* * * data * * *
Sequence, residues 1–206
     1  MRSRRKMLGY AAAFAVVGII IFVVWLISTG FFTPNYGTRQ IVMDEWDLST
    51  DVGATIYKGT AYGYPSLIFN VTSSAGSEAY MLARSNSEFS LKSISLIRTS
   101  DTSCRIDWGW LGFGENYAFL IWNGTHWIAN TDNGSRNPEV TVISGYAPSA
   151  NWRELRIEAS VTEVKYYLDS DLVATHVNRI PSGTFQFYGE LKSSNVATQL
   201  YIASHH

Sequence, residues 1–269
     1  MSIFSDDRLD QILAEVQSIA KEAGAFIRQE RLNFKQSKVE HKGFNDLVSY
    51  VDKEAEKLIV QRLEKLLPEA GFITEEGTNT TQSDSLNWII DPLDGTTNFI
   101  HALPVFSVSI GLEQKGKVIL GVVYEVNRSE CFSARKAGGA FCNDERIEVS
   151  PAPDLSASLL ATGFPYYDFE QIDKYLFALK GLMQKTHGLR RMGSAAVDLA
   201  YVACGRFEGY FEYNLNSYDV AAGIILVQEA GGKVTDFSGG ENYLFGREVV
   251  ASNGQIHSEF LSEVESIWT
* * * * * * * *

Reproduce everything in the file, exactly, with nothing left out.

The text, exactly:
Sequence, residues 1–206
     1  MRSRRKMLGY AAAFAVVGII IFVVWLISTG FFTPNYGTRQ IVMDEWDLST
    51  DVGATIYKGT AYGYPSLIFN VTSSAGSEAY MLARSNSEFS LKSISLIRTS
   101  DTSCRIDWGW LGFGENYAFL IWNGTHWIAN TDNGSRNPEV TVISGYAPSA
   151  NWRELRIEAS VTEVKYYLDS DLVATHVNRI PSGTFQFYGE LKSSNVATQL
   201  YIASHH

Sequence, residues 1–269
     1  MSIFSDDRLD QILAEVQSIA KEAGAFIRQE RLNFKQSKVE HKGFNDLVSY
    51  VDKEAEKLIV QRLEKLLPEA GFITEEGTNT TQSDSLNWII DPLDGTTNFI
   101  HALPVFSVSI GLEQKGKVIL GVVYEVNRSE CFSARKAGGA FCNDERIEVS
   151  PAPDLSASLL ATGFPYYDFE QIDKYLFALK GLMQKTHGLR RMGSAAVDLA
   201  YVACGRFEGY FEYNLNSYDV AAGIILVQEA GGKVTDFSGG ENYLFGREVV
   251  ASNGQIHSEF LSEVESIWT